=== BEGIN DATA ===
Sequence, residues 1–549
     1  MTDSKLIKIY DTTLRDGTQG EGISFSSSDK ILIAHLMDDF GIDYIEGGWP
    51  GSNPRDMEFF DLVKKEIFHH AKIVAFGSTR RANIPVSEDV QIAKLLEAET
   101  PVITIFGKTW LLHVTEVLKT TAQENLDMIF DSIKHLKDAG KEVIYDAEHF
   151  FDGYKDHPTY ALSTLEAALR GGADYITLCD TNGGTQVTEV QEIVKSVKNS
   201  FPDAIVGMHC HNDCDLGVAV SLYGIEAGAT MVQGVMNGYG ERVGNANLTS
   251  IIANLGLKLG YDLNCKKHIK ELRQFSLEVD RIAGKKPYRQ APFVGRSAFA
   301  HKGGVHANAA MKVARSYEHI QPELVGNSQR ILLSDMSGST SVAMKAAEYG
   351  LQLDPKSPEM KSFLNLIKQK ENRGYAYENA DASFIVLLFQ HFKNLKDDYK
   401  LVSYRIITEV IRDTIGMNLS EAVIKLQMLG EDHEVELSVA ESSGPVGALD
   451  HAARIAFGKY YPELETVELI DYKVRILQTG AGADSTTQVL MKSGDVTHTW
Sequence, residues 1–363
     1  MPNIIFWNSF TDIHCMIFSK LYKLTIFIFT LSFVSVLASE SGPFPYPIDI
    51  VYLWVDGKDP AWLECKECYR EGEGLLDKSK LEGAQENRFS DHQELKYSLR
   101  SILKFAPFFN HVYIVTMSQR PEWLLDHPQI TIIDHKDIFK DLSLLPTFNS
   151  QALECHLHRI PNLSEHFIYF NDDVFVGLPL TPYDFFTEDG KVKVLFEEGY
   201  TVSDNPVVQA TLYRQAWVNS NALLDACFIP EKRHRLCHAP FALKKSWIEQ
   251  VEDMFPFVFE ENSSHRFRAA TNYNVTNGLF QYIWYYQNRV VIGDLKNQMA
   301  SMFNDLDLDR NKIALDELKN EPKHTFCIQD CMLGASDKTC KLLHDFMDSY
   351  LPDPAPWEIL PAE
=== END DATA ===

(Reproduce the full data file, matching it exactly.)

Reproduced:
Sequence, residues 1–549
     1  MTDSKLIKIY DTTLRDGTQG EGISFSSSDK ILIAHLMDDF GIDYIEGGWP
    51  GSNPRDMEFF DLVKKEIFHH AKIVAFGSTR RANIPVSEDV QIAKLLEAET
   101  PVITIFGKTW LLHVTEVLKT TAQENLDMIF DSIKHLKDAG KEVIYDAEHF
   151  FDGYKDHPTY ALSTLEAALR GGADYITLCD TNGGTQVTEV QEIVKSVKNS
   201  FPDAIVGMHC HNDCDLGVAV SLYGIEAGAT MVQGVMNGYG ERVGNANLTS
   251  IIANLGLKLG YDLNCKKHIK ELRQFSLEVD RIAGKKPYRQ APFVGRSAFA
   301  HKGGVHANAA MKVARSYEHI QPELVGNSQR ILLSDMSGST SVAMKAAEYG
   351  LQLDPKSPEM KSFLNLIKQK ENRGYAYENA DASFIVLLFQ HFKNLKDDYK
   401  LVSYRIITEV IRDTIGMNLS EAVIKLQMLG EDHEVELSVA ESSGPVGALD
   451  HAARIAFGKY YPELETVELI DYKVRILQTG AGADSTTQVL MKSGDVTHTW
Sequence, residues 1–363
     1  MPNIIFWNSF TDIHCMIFSK LYKLTIFIFT LSFVSVLASE SGPFPYPIDI
    51  VYLWVDGKDP AWLECKECYR EGEGLLDKSK LEGAQENRFS DHQELKYSLR
   101  SILKFAPFFN HVYIVTMSQR PEWLLDHPQI TIIDHKDIFK DLSLLPTFNS
   151  QALECHLHRI PNLSEHFIYF NDDVFVGLPL TPYDFFTEDG KVKVLFEEGY
   201  TVSDNPVVQA TLYRQAWVNS NALLDACFIP EKRHRLCHAP FALKKSWIEQ
   251  VEDMFPFVFE ENSSHRFRAA TNYNVTNGLF QYIWYYQNRV VIGDLKNQMA
   301  SMFNDLDLDR NKIALDELKN EPKHTFCIQD CMLGASDKTC KLLHDFMDSY
   351  LPDPAPWEIL PAE